Mike Pereira, the NFL’s former vice president of officiating and now a Fox analyst, outlined changes that include:
* Each team will be required to supply 24 footballs to the officials locker room – 12 primary and 12 backup — 2 hours and 15 minutes prior to the game. Last season the home team had to submit 24 footballs prior to the game but the visitors only had to submit 12 footballs with an option to supply an additional 12 for use in outdoor stadiums.* The referee will designate two members of his crew to conduct a pregame inspection to make sure all footballs meet the required specifications. Last season, the referee was the sole judge.* The officials will number the balls 1-12. Last season, the balls were not numbered.* Any game ball within the allowable range of 12.5 to 13.5 PSI will be approved and the PSI level will not be altered. Any game ball determined to be over 13.5 PSI or under 12.5 PSI will either be deflated or inflated to 13.0 PSI. Last year there was no specific measurement of 13.0 required if an adjustment had to be made.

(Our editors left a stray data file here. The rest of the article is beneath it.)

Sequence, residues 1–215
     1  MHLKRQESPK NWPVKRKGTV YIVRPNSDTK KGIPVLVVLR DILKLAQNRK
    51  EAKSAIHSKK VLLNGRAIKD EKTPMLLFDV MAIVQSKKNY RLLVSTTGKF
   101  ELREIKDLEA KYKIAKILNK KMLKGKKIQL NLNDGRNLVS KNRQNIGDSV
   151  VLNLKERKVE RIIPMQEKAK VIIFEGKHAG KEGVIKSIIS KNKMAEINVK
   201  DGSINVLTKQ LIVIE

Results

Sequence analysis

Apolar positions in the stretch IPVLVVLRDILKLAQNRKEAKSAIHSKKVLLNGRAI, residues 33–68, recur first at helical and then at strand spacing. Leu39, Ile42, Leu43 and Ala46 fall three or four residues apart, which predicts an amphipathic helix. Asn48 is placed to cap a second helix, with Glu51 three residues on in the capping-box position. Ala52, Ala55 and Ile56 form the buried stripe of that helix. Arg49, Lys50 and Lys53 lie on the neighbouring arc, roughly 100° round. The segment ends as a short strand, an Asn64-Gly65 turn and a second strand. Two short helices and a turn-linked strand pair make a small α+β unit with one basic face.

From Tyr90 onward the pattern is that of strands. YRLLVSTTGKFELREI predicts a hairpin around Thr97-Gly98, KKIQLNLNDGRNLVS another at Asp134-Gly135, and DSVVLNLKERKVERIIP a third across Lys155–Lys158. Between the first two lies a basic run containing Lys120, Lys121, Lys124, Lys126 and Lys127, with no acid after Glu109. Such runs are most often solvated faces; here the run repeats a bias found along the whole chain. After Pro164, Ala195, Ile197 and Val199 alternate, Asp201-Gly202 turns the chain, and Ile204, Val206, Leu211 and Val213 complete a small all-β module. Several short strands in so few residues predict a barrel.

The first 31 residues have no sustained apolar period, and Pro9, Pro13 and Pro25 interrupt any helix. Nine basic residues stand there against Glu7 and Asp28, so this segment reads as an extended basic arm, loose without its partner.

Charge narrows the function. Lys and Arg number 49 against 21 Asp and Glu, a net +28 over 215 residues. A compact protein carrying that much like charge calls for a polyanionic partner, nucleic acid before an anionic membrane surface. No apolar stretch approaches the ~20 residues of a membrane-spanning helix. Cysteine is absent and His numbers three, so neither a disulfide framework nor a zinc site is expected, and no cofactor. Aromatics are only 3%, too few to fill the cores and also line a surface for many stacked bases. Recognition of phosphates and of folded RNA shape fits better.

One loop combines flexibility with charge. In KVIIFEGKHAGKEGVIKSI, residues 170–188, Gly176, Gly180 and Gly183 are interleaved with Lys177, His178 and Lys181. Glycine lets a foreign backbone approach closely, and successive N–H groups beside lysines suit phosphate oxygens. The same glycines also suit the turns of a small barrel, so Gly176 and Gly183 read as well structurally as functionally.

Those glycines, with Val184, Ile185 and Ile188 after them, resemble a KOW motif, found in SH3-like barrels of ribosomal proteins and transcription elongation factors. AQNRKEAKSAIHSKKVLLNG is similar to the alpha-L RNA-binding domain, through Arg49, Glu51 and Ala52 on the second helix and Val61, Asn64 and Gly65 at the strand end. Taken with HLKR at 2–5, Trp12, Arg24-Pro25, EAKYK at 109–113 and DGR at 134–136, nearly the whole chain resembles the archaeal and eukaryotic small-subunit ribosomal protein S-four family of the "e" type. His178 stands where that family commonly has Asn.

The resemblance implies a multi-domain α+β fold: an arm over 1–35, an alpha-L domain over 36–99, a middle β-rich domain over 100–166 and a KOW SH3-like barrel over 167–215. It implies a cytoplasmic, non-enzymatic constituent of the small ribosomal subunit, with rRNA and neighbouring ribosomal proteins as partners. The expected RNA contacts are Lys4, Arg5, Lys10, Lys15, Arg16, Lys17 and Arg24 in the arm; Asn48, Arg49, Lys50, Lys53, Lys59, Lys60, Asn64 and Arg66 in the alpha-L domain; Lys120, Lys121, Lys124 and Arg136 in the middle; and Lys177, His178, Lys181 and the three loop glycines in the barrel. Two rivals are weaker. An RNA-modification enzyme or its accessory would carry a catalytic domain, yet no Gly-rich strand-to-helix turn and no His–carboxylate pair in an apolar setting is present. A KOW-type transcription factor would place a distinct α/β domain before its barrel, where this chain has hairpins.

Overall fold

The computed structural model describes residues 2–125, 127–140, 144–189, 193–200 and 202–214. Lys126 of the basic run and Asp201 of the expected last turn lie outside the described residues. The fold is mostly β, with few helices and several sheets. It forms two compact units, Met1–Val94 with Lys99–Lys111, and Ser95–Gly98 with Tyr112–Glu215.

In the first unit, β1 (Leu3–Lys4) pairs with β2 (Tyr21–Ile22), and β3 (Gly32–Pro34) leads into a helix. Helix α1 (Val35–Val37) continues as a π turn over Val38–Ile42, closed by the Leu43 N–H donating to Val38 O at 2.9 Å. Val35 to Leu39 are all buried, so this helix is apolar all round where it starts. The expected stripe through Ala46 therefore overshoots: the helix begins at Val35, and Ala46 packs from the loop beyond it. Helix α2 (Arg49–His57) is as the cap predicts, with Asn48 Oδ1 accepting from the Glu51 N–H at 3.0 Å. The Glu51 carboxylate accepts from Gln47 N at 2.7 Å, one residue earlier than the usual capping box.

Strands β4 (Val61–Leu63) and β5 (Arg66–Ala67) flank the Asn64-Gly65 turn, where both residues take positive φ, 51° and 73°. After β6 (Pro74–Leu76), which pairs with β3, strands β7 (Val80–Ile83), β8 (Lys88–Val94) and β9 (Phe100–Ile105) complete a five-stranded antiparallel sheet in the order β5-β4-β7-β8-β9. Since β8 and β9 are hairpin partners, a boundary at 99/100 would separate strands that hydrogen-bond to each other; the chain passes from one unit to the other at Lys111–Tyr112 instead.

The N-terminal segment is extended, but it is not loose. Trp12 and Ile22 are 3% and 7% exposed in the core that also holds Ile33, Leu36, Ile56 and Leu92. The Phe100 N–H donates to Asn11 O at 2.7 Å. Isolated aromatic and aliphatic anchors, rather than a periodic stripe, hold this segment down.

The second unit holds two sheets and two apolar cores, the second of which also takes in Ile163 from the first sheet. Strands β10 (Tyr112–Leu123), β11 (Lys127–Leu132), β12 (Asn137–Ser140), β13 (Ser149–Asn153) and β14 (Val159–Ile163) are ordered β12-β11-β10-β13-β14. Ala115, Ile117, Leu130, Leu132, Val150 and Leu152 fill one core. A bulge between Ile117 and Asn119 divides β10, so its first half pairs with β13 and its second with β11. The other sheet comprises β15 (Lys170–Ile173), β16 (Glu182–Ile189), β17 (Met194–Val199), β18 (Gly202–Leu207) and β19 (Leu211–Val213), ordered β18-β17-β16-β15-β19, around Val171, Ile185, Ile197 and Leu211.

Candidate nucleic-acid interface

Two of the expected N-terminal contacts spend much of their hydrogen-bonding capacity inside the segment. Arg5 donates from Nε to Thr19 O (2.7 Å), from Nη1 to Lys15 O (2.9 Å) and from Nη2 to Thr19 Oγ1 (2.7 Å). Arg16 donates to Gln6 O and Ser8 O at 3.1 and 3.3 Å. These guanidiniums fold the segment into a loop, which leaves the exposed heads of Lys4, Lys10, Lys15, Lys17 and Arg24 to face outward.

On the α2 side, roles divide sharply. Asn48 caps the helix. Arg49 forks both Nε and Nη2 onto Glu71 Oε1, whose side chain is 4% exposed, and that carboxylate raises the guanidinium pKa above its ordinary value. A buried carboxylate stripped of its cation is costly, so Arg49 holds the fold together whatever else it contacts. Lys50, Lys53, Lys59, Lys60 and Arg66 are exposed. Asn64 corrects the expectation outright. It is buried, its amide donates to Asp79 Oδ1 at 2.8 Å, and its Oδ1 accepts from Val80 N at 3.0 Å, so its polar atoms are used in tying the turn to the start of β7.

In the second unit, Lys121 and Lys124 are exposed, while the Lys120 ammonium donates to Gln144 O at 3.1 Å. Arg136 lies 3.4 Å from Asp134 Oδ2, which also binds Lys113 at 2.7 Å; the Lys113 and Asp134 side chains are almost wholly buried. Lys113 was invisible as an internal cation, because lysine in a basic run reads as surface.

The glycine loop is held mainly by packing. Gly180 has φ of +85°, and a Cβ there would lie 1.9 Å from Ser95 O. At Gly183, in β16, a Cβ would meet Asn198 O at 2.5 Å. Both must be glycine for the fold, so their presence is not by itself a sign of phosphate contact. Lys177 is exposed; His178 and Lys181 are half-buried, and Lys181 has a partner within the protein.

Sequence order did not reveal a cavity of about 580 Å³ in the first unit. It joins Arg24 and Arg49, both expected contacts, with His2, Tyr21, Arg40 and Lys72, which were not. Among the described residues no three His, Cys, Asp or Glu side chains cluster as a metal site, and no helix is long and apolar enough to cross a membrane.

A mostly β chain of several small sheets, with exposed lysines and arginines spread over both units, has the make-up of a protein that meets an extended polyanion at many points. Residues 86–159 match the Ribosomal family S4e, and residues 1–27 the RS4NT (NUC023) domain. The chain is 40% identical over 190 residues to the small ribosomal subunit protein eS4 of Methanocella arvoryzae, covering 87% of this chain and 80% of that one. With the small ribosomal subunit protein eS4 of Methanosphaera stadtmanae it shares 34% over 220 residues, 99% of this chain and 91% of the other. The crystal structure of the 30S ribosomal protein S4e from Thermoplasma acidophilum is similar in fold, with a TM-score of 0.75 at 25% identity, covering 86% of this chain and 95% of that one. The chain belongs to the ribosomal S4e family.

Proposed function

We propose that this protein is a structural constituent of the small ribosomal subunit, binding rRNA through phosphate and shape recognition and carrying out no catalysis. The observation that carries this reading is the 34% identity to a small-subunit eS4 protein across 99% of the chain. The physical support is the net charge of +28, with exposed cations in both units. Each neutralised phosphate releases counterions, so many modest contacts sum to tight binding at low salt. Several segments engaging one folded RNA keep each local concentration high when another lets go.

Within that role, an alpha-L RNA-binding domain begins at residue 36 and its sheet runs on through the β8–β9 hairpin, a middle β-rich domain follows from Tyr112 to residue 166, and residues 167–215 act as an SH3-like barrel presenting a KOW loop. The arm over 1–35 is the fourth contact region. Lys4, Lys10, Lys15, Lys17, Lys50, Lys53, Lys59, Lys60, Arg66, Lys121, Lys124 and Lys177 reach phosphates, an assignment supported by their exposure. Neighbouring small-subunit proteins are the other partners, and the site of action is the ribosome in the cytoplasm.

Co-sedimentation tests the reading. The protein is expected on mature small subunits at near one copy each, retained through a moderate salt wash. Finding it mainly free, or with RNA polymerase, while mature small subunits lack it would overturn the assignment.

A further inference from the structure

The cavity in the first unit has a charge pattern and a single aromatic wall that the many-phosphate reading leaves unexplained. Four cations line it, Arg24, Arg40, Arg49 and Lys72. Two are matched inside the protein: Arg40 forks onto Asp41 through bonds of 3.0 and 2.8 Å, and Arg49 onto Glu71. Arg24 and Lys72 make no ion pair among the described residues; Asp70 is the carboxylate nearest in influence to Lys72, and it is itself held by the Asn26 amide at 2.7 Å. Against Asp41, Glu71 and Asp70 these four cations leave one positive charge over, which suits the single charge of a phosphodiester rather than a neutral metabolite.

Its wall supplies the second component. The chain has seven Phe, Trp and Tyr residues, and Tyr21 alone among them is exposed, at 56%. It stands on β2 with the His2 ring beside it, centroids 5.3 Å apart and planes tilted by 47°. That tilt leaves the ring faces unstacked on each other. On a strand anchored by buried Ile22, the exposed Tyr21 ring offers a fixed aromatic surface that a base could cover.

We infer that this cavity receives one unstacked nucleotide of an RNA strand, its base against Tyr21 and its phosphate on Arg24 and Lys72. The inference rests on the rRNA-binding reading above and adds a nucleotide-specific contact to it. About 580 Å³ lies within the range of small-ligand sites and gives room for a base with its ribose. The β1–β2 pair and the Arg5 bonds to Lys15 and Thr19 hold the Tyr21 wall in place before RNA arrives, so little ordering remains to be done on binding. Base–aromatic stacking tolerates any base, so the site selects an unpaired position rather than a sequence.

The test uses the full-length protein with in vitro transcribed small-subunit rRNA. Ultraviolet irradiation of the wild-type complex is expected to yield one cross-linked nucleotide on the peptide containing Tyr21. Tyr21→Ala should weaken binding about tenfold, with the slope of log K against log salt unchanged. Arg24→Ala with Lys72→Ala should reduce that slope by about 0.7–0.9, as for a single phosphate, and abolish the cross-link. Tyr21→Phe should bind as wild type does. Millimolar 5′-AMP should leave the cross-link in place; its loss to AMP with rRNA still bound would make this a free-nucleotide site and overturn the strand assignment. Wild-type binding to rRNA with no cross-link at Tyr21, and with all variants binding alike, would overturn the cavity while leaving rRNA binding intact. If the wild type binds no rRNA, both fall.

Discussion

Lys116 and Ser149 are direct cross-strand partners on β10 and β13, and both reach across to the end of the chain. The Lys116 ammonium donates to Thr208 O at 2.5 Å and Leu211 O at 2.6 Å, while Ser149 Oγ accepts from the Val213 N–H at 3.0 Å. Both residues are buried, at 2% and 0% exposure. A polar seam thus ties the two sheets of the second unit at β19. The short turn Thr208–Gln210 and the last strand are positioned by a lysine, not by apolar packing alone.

The same protocol applies to backup balls and Pereira isn’t exactly thrilled with what he deems a “bit of an overreaction.”
“Now,” he writes, “officials have to measure 24 footballs at random games. Now instead of officials discussing their performance in the first half and getting ready for the second half, they’ll be adjusting PSIs.”
The changes seem destined to add another layer of potential controversy to the game, but clearly the old system broke down in the AFC championship.
There’s another wrinkle to the changes, one that the Boston Globe points out. “Now,” an officiating source points out, “the league will have a record of how balls react to the cold. This data could show the Patriot balls reacted normally.”
And if a year’s worth of data shows that the Patriots’ argument, that weather contributed to the deflation of the footballs, was valid? Then the NFL’s punishment of Tom Brady and the Patriots is going to look awfully bad.